Snowshoes

Today’s snowstorm is now a blizzard. About 12″ are on the ground, with more underway.

The gym and the office building are closed, and most of our kids are away at college or on an exchange program in Italy. I’m caught up with work emails and social media.

So, it seemed like a great time to break out the snowshoes and go for a walk. It was beautiful outside.

There was no one out other than a few plow trucks. The snow under my feet was soft. It was eerily quiet.

I decided to walk to a main road in our town. It was a slow 45-minute meander to get there. Shop after shop was closed, even the local Starbucks.

Amazingly, the grocery store was open. It seemed like a good time to pick up some potato chips and chicken wings from the hot bar. My snowshoes and Russian fur hat caught some furtive glances from the few store employees present.

Outside of the store, under a protective overhang, there were some benches. It was a great spot to eat a snack.

Some of the snow shovelers were out. I traded a few phrases of Spanish with one. Fortunately, we switched quickly to English.

He is from Guatemala, he told me. I learned that there are 32 dialects there. He was very kind and very happy. We joked for a bit. Honestly, it was one of those serendipitous interactions that you remember for a long time.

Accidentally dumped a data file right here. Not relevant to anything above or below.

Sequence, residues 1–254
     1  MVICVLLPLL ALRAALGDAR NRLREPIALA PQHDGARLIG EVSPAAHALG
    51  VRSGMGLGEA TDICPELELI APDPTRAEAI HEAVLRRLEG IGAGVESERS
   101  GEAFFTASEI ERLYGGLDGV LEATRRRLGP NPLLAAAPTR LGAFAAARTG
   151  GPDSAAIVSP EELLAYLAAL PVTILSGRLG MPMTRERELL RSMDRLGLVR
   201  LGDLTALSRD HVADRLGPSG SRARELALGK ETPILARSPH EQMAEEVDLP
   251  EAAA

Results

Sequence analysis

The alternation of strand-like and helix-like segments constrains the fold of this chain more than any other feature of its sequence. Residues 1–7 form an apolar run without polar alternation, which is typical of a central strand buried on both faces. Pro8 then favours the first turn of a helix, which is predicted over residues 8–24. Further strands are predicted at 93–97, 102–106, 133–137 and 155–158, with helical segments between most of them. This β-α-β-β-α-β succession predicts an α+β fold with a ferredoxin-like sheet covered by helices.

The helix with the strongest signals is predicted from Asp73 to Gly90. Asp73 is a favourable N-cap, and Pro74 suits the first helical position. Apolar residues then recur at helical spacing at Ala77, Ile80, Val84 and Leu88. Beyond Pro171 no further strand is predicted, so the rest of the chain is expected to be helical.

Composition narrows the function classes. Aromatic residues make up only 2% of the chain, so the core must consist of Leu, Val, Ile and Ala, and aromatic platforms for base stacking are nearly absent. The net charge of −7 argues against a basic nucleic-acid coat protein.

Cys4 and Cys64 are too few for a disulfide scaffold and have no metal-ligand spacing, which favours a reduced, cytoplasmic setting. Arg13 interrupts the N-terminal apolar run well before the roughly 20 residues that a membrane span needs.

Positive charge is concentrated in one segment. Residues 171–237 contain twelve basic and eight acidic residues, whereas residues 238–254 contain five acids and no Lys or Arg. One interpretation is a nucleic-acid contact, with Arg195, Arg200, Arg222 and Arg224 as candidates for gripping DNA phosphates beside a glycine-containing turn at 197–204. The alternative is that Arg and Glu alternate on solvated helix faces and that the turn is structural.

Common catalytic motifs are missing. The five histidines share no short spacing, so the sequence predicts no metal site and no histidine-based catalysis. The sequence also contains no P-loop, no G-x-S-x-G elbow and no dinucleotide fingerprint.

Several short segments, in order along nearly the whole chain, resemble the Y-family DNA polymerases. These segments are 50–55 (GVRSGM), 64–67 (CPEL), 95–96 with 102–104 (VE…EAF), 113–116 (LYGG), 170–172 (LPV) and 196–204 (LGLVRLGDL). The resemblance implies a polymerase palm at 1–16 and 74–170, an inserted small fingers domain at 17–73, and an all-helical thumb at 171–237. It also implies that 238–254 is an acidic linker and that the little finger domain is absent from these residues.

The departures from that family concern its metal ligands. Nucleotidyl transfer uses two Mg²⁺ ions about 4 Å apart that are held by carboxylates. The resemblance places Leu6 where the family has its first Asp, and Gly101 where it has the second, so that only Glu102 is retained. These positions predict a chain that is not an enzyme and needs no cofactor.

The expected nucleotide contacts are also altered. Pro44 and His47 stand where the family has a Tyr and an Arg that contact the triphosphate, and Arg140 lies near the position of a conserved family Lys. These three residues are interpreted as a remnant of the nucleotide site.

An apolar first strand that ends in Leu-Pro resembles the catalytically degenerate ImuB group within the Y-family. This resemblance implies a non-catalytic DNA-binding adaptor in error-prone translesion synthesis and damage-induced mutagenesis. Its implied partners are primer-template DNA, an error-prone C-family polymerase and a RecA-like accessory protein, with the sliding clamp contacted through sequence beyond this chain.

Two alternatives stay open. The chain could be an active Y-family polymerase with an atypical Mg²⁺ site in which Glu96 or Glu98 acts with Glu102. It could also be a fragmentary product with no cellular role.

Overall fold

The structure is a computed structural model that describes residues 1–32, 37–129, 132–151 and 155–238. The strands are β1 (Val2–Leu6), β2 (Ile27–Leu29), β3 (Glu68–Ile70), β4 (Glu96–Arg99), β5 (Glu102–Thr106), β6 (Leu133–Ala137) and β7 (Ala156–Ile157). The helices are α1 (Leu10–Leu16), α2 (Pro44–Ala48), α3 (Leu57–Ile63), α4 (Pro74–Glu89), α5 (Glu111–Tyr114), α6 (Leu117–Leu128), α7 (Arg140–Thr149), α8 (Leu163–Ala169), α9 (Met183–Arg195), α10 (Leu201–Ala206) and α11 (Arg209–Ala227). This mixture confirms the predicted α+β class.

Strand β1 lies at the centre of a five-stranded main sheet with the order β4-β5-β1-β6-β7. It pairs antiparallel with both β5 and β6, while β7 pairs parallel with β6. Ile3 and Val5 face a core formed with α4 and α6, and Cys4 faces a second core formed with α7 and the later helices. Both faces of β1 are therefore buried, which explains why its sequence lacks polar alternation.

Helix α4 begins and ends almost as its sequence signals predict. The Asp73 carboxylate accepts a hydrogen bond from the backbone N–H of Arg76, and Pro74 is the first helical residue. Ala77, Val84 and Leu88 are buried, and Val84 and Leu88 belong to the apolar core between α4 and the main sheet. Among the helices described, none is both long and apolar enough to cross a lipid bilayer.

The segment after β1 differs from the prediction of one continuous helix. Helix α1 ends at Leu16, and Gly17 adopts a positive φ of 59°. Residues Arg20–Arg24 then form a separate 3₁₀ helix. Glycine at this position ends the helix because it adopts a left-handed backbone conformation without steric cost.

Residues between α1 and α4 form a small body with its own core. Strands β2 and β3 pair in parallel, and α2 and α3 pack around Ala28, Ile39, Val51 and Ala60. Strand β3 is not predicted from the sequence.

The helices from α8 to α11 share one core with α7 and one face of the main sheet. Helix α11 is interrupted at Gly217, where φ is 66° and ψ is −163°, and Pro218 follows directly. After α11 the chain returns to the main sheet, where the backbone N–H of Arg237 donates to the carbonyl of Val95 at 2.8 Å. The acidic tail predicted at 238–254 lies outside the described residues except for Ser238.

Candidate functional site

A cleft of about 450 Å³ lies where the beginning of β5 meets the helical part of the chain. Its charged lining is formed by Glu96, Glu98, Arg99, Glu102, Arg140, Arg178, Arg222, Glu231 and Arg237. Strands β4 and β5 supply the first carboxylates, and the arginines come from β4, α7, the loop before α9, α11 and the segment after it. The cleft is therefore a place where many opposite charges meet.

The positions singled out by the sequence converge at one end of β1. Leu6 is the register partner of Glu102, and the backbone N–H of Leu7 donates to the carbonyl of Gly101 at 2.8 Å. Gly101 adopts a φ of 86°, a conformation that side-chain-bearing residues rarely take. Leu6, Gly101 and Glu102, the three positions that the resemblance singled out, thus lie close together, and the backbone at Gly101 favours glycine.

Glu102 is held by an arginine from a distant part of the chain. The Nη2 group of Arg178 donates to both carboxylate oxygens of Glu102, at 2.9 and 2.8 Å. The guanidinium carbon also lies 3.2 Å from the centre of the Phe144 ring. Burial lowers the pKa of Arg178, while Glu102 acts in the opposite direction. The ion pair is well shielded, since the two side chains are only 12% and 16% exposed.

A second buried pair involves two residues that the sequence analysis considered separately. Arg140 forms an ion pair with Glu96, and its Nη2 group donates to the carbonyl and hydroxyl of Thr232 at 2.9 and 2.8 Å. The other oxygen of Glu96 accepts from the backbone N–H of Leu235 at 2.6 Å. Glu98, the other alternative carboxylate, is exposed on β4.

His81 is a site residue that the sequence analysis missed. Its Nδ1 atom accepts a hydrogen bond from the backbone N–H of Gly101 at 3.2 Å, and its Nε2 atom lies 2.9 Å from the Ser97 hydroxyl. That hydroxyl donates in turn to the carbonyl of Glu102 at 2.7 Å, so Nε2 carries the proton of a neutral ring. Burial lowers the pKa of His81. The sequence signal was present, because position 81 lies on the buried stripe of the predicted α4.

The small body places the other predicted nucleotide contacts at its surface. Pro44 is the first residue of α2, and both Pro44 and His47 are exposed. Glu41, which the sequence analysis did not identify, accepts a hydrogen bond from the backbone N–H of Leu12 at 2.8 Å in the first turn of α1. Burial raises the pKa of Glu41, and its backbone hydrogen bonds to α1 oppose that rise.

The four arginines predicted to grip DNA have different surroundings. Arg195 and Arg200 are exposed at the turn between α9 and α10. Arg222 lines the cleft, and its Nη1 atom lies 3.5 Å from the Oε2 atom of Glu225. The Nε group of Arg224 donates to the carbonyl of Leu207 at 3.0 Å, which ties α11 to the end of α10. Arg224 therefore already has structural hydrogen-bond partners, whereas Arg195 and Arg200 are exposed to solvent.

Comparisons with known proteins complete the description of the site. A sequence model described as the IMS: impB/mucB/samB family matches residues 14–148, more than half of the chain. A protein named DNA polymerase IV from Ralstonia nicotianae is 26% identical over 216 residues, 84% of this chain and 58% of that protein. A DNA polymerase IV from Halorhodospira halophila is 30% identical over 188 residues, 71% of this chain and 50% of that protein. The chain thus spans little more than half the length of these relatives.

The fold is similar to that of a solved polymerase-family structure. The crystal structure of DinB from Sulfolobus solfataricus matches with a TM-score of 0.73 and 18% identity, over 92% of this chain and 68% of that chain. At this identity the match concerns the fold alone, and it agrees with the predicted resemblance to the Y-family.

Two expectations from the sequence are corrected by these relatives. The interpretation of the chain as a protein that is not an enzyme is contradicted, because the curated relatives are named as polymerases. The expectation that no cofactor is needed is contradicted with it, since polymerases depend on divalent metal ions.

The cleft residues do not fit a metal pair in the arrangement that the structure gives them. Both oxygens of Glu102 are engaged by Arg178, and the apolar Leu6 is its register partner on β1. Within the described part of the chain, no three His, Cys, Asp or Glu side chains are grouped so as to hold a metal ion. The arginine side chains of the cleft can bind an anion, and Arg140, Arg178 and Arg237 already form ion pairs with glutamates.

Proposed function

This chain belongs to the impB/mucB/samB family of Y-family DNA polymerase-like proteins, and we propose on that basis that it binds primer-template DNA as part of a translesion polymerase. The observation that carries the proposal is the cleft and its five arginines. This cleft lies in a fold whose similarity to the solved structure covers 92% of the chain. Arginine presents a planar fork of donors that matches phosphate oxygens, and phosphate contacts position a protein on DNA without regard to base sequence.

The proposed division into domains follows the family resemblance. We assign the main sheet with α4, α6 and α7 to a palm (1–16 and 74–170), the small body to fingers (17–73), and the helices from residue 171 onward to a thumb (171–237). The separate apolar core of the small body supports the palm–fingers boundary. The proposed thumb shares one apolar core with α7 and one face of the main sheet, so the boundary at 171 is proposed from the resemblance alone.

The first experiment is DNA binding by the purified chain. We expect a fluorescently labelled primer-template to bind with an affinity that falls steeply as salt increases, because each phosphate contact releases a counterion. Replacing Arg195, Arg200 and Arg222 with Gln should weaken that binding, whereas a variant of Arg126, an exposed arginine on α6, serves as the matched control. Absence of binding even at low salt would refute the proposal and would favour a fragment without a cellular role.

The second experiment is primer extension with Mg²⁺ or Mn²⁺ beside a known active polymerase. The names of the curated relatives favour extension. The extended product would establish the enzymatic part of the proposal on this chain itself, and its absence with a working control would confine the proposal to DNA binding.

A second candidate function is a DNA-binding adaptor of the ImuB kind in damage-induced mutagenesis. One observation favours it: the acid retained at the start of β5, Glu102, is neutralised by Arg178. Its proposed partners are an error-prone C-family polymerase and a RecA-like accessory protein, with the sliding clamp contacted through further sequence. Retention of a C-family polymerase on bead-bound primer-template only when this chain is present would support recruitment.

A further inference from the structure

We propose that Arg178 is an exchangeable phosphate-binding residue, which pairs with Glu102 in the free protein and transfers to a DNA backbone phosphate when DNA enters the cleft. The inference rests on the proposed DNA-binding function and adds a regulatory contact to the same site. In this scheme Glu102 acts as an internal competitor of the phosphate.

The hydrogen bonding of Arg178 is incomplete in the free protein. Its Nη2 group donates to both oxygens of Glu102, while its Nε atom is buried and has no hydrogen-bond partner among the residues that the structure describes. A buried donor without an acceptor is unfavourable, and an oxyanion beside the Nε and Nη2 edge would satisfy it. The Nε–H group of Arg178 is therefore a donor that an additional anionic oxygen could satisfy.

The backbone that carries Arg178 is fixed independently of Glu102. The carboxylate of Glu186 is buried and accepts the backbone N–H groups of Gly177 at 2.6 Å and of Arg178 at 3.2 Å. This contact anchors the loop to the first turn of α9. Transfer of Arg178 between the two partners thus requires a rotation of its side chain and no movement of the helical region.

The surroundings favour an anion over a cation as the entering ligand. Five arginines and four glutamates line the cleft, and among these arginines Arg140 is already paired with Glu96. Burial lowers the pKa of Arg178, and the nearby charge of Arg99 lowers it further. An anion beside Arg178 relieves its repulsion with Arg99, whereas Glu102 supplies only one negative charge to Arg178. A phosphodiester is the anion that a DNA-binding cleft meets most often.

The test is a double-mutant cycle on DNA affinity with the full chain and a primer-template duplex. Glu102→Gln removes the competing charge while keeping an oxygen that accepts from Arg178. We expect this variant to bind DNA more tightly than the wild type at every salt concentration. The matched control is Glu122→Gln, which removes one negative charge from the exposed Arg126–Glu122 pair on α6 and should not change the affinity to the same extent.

With that, we said our goodbyes, I put on my gear and headed back.

The walk back home took an hour, as half of it was up a steep hill. The wind was really blowing now.

I walked by house after house, wondering what people were doing. I crossed over mounds of snow, getting winded at times. It felt good to get the heart going, and I was starting to sweat under my layers.

I remembered the days when our children were young, and we went skiing every winter weekend. I recalled how we used to sit in the ski lodge to warm up, and how those days seemed both long ago and recent.

I wondered how my out-of-town children were doing. I wished them well.

With that, I was home. I opened the front door and a gush of warm air greeted me. Our youngest child had finished baking dessert and was cleaning in the kitchen. Mrs. T. was painting at the breakfast table.

I really started to sweat and rapidly took off my layers. Both tired and refreshed, I settled down for an afternoon of hot tea and quiet reading.

If you’re in New England, I hope you are riding out the storm with ease and warmth.

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